Dr. Kent Brantly, the Fort Worth doctor who contracted Ebola doing aid work in West Africa, released a statement from his isolated Atlanta hospital room and says he's recovering in every way and looking forward to being reunited with his wife and family.
Brantly, who was volunteering with the charity Samaritan's Purse in Liberia amid the worst-ever outbreak of the deadly virus, has been improving steadily after being treated with an experimental drug earlier this month.
Brantly remained hospitalized Friday at Emory University Hospital in Atlanta. His comments came in a statement issued through the charity.
In the statement, Brantly expresses gratitude for the health care professionals who are treating him with "compassionate, world-class care," adding he is "more grateful every day to the Lord for sparing my life."
Brantly and a second American, Nancy Writebol, were flown out of Liberia earlier this month and are being treated in an isolation unit at the Atlanta hospital. The two were infected while working at a missionary clinic outside Liberia's capital.
On Friday, Aug. 15, Brantly released the following statement:
As my treatment continues in the isolation unit at Emory University Hospital, I am recovering in every way. I thank God for the healthcare team here who is giving me compassionate, world-class care. I am more grateful every day to the Lord for sparing my life and continuing to heal my body. There are still a few hurdles to clear before I can be discharged, but I hold on to the hope of a sweet reunion with my wife, children and family in the near future.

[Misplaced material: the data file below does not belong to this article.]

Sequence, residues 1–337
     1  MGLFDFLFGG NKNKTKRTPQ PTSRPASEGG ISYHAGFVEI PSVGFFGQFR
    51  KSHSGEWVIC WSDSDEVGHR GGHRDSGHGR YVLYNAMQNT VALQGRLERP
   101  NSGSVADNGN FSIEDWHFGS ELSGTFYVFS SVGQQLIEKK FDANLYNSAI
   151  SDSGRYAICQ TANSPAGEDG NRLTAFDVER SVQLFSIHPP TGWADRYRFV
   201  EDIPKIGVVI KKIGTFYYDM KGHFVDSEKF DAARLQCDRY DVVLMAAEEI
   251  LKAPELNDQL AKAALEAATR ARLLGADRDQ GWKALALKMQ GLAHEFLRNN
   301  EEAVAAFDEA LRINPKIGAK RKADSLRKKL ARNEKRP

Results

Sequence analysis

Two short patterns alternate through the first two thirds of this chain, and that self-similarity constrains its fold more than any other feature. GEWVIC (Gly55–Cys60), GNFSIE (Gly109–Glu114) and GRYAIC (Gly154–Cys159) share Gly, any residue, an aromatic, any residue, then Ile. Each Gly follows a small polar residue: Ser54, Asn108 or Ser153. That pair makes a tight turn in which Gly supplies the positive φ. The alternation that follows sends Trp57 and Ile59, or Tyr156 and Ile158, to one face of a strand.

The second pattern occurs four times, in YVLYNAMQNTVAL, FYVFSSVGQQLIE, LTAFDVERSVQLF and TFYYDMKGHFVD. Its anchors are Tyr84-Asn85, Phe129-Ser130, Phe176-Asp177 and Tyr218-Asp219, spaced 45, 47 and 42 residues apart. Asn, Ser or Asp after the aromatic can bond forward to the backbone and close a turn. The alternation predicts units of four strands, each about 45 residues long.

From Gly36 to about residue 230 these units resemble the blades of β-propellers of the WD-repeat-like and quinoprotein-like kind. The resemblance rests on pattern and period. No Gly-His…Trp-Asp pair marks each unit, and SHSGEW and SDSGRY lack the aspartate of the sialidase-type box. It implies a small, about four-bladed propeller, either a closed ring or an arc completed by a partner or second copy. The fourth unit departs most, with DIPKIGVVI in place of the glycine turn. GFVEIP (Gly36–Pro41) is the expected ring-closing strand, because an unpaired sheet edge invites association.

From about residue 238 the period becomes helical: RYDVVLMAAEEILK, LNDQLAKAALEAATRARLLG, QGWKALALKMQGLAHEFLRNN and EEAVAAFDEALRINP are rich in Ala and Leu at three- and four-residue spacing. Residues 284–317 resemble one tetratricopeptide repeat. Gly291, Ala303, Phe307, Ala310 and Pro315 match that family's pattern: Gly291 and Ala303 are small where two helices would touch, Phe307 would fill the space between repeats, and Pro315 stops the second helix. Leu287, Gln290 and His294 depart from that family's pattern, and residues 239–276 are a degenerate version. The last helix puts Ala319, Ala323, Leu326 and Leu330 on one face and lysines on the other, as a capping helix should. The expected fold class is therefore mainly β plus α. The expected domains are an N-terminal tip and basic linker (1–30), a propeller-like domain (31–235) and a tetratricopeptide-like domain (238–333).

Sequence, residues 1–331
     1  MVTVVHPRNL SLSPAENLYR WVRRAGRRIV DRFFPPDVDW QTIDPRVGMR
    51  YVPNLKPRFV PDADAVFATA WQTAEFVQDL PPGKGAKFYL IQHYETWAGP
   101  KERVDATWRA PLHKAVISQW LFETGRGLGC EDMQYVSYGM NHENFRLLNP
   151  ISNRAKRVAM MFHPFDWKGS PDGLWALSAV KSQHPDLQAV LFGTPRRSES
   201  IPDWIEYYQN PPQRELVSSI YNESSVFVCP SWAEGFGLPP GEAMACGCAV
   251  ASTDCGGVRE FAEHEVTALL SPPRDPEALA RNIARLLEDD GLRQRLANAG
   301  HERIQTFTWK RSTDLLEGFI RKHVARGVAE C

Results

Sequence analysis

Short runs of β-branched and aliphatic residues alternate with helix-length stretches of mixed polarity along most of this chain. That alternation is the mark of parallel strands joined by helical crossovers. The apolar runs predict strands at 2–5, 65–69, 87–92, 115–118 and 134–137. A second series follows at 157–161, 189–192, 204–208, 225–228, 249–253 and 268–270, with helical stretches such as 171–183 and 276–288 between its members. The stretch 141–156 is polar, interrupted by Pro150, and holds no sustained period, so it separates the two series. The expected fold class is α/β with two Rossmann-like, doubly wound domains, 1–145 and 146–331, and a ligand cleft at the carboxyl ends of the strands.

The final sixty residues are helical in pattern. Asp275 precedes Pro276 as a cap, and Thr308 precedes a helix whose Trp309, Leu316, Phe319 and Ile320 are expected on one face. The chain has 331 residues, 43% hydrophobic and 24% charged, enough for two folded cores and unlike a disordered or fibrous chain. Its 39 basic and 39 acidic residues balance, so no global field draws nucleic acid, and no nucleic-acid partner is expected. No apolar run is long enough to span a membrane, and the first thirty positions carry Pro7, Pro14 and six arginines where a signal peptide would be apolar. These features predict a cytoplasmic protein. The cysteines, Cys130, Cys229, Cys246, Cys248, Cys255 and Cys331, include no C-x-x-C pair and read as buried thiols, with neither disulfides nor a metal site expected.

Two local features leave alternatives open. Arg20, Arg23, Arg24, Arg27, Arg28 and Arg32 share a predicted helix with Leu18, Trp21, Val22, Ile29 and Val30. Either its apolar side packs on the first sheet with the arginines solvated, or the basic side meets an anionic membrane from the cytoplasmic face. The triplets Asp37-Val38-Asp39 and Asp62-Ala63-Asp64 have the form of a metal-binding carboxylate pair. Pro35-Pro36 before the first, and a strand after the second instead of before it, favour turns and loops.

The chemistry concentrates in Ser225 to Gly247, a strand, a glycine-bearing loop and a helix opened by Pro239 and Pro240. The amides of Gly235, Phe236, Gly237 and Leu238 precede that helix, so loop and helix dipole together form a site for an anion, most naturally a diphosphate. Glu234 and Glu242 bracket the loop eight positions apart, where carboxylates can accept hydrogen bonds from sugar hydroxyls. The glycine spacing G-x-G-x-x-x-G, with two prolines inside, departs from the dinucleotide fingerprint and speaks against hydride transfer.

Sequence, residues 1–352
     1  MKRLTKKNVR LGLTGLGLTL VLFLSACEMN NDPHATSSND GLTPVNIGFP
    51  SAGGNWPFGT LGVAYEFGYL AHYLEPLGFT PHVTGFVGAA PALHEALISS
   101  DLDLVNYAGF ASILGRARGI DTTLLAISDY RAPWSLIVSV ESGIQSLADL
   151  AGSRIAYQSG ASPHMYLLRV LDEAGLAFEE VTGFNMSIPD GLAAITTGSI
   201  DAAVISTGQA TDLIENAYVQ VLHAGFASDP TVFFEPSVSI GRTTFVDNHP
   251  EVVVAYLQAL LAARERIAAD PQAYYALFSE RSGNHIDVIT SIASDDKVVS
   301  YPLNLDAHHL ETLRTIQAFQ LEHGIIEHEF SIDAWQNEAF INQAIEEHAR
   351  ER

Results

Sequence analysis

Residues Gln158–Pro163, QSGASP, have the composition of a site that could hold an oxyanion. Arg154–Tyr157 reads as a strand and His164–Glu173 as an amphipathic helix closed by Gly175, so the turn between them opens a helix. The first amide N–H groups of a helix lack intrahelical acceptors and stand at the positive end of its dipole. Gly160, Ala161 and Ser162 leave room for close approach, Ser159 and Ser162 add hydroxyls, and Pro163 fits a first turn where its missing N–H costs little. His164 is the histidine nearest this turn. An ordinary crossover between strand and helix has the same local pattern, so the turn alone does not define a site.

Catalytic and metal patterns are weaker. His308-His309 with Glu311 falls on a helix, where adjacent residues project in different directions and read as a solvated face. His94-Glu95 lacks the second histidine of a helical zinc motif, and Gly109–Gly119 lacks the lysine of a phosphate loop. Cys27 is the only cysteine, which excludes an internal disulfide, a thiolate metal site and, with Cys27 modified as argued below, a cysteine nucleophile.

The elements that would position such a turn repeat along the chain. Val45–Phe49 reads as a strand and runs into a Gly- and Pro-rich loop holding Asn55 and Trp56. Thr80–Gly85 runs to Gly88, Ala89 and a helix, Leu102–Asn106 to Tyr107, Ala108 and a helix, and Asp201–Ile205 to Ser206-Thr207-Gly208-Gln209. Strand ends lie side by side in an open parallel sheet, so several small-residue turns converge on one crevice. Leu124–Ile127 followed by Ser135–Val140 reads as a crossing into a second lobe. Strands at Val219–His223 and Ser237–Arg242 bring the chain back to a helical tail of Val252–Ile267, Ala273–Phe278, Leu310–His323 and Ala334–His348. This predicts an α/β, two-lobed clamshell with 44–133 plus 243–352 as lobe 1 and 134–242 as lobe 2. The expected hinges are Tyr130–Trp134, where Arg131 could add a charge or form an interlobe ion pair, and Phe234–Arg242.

Thank you for your prayers for Nancy and me. Please continue to pray for and bring attention to those suffering in the ongoing Ebola crisis in West Africa. Their fight is far from over.
With deep gratitude,
In a statement released last Friday, Brantly thanked God for his mercy while discussing the horrors he witnessed in Africa.
Fund Established to Help Brantly Family
The JPS Foundation is now accepting donations for Brantly and his family, who lost all of their earthly possessions when he contracted the Ebola virus and was returned to the United States for treatment. After his symptoms appeared, Brantly was isolated and was never able to return to their home. According to JPS, everything is considered contaminated by Ebola and will be destroyed.
"No date has been announced for his release from Emory University Hospital in Atlanta, but when he is well enough to join his family, they will face the challenge of replacing everything from household items and clothing to computers and children’s toys," said JPS in a statement Friday. "All funds will be held in a separate account within the JPS Foundation for the financial support of Dr. Brantly and his family during his recovery.
Anyone who would like to contribute can do so at www.givetojps.org. A drop-down menu allows donations to be earmarked for Dr. Brantly.
Contributions, which are tax-deductible, also can be mailed to:
Kent Brantly Fund
1223 S. Main St.
Fort Worth, TX 76104